Today did not live up to expectations, I am afraid. We went shopping for technorat gadgets in the market in Lib City, but there was nothing we wanted particularly; then we joined the small flotilla of boats and dirigibles out to the edge of the continental shelf to catch a rare glimpse of Deep Blue, the Pacifica whale godling. Everybody on board had just sat down for lunch (an interesting lobed fish called Latima or something, somewhat oily, but an incredible taste) when the captain cut the engines and we all rushed to the side.
There was a school of Hwissi dolphin circling around one spot in the ocean; green balloons and gliders swarming overhead, the brilliant sunshine making me polarize my contacts; there was a channel called Big Surf Watch on the 'net, and we used it to find out how far away and how deep the Whale God was.
Two kilometres, one; a hundred metres deep, fifty; now we could see the Whale through the eyes of a tracking submersible as E came into the sunlit topmost layers of the ocean.
By Space, E was big! The Godling has been growing for thousands of years, and is bigger every time E is seen- the `net channel said E was at least a kilometre wide now, and perhaps three long- everybody on the boat peered into the bright ocean, expecting to see the gleaming back of the creature as E surfaced. A vast area of the ocean turned pale, silhouetting the tiny leaping Hwissi then the Surf Watch channels all showed the gigantic creature turn back into the deeps of the ocean without breaking the surface, before losing all visual and sonar contact with the creature, as always.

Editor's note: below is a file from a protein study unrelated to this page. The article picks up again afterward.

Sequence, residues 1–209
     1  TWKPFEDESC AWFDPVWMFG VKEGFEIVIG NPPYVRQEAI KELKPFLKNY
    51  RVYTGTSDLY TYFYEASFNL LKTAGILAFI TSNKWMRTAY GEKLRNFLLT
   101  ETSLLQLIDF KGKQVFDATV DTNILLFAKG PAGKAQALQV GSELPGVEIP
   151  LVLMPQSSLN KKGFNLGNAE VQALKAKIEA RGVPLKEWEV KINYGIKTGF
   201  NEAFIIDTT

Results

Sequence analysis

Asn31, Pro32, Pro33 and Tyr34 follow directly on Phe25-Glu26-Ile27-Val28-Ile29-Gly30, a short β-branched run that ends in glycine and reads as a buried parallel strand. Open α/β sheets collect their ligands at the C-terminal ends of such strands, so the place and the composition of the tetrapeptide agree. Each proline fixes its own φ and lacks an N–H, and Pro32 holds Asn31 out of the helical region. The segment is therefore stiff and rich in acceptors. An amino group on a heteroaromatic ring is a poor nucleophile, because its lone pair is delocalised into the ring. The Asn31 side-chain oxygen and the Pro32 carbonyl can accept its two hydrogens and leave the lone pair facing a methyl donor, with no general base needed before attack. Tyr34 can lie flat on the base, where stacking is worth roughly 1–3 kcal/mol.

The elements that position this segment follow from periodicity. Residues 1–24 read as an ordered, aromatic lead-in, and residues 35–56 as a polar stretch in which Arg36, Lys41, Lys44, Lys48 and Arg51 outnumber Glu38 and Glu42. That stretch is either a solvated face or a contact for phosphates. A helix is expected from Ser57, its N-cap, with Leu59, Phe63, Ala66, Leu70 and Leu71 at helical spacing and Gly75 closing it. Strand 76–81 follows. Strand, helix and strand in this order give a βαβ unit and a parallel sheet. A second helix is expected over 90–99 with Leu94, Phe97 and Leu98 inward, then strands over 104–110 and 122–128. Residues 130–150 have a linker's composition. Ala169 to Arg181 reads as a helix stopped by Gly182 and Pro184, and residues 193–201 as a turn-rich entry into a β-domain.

Later we heard the dolphins talking loudly in Galanglic about the wonderful sighting of the Great Whale, just to annoy us; they have a strange sense of humour, which can be cruel at times.
By Steve Bowers (2008)
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